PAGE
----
Converting a nearly 150-year-old company with multiple lines of business into a more streamlined REIT is no small feat, but Hawaii-based Alexander & Baldwin (NYSEMKT: ALEX) sees the process as key to riding the wave of the islands’ economic strength.
Alexander & Baldwin’s portfolio consists of 3.4 million square feet of primarily retail and industrial space in Hawaii. The company converted to a REIT at the beginning of 2017, mainly to attract a wider range of investors, get better access to capital, and facilitate future growth, says Christopher Benjamin, president and CEO.
While the company hasn’t set confirmed targets for when and to what extent it plans to shrink its non-REIT businesses—which include land operations on 87,000 acres throughout Hawaii as well as materials and construction operations—the focus is clearly set on commercial real estate going forward.
To better appreciate Alexander & Baldwin’s transition to where it is today, it is necessary to step back to 1869. At that time, Samuel Thomas Alexander and Henry Perrine Baldwin, both sons of pioneer missionaries in Hawaii, paid $110 for 12 acres of land on Maui that they developed into a sugar plantation. The company added water resources, a railroad and a shipping company, as well as additional sugar plantations, to its portfolio.
Benjamin says a turning point on the path toward focusing on commercial real estate came almost seven decades ago. Until then, the company had housed its plantation workers in camps that were almost like small towns with a post office, a hospital, and markets.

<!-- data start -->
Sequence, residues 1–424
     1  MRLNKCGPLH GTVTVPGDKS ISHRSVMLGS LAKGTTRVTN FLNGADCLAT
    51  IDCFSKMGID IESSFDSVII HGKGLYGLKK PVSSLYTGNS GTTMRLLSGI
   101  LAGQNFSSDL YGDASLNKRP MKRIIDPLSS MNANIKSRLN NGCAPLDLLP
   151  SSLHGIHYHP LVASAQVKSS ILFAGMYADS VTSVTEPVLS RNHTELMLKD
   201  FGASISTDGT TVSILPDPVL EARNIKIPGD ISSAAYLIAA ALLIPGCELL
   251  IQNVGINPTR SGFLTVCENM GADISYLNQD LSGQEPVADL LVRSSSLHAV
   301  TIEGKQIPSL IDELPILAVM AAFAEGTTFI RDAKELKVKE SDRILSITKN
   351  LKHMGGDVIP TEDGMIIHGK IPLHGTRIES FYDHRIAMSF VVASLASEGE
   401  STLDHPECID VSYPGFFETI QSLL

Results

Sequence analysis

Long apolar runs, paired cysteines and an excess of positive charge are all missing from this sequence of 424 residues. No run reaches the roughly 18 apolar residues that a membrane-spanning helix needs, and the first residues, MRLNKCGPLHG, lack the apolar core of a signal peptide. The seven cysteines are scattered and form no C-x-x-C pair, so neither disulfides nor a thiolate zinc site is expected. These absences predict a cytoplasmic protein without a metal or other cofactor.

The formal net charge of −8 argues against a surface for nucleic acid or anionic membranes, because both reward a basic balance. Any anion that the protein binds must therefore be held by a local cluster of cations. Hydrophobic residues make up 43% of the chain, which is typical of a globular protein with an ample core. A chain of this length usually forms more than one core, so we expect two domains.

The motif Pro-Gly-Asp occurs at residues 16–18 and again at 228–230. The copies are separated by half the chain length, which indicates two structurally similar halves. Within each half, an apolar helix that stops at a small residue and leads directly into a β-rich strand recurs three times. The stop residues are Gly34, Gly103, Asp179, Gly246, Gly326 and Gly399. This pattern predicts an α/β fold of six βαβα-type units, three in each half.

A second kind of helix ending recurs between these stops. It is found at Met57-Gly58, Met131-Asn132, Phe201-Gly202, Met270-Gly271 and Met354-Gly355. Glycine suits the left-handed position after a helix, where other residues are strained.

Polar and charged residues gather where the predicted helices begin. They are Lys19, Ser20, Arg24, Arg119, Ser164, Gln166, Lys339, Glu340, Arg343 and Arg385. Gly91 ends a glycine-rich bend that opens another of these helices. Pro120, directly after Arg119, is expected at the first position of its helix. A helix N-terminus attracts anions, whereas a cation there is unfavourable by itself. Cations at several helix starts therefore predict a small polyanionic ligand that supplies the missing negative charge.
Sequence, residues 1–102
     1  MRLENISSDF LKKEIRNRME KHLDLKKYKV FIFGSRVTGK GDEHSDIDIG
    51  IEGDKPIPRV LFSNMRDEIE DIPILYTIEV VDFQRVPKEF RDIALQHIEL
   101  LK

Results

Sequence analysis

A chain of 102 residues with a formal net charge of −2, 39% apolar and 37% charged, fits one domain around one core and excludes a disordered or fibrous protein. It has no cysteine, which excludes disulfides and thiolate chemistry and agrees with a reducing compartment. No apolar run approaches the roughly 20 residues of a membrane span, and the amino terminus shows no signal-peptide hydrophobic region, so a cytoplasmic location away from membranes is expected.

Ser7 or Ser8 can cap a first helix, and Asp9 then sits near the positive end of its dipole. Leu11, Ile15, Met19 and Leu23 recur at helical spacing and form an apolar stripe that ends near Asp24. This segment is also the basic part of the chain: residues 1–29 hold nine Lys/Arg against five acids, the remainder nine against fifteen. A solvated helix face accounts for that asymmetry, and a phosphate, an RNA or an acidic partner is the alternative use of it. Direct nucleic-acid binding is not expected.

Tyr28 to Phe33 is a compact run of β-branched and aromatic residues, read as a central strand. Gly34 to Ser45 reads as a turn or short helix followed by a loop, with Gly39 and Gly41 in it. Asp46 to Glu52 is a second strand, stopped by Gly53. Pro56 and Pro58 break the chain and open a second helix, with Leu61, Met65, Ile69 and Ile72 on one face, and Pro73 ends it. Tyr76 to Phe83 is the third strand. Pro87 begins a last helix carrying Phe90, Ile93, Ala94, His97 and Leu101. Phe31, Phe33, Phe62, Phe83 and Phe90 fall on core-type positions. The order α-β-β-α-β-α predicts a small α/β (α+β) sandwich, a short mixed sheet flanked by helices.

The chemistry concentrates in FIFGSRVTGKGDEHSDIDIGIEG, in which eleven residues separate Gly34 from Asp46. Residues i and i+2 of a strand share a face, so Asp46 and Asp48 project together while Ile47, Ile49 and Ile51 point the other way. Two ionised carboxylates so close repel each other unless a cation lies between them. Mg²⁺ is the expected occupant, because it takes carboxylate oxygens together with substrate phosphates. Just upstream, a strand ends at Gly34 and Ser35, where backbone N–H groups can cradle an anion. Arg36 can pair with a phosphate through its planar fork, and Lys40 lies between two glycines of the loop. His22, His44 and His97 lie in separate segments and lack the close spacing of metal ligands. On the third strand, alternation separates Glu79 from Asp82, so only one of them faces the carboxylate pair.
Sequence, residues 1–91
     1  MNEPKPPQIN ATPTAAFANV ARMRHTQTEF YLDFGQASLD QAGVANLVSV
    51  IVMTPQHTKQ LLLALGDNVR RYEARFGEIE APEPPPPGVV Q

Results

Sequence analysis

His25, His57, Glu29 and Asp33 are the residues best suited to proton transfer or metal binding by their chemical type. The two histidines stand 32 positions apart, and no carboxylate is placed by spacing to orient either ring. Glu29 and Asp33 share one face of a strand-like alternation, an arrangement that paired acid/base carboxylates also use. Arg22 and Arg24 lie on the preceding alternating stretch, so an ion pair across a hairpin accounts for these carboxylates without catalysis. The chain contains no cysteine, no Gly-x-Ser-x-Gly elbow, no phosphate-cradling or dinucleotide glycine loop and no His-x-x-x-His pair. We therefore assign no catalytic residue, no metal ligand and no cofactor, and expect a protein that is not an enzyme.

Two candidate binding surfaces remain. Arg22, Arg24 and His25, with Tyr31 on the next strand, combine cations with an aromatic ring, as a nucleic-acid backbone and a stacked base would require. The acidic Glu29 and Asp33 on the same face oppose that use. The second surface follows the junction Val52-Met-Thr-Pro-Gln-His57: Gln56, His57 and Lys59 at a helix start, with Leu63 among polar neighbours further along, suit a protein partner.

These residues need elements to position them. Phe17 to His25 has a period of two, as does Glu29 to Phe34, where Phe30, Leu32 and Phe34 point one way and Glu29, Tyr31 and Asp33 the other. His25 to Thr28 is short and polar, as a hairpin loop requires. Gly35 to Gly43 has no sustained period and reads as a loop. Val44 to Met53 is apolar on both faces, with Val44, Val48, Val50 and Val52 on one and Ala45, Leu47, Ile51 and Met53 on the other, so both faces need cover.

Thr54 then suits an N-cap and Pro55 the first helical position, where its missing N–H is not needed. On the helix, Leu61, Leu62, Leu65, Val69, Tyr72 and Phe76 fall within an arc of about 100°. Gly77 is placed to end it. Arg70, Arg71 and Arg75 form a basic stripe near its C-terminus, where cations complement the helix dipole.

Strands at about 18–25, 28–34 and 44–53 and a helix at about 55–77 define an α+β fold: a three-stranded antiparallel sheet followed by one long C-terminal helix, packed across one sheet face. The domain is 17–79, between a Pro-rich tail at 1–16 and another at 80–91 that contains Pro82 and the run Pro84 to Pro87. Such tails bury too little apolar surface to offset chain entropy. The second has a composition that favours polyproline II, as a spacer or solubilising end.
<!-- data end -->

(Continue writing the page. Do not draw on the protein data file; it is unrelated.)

In the 1950s, however, the leadership of Alexander & Baldwin decided to build “Dream City,” a master-planned community where employees could “buy houses and build equity,” Benjamin says. Then in the 1970s, the company built the Wailea Resort on Maui and built more housing.
More investment in commercial real estate followed. About 20 years ago, Alexander & Baldwin executed a series of tax-deferred 1031 exchanges to invest first in five, and eventually in about 25 commercial real estate properties on the U.S. mainland. The company also built a Hawaii portfolio of about 20 commercial real estate properties through development and exchanges.
As Benjamin explains, the company considered becoming a REIT off and on for about 17 years.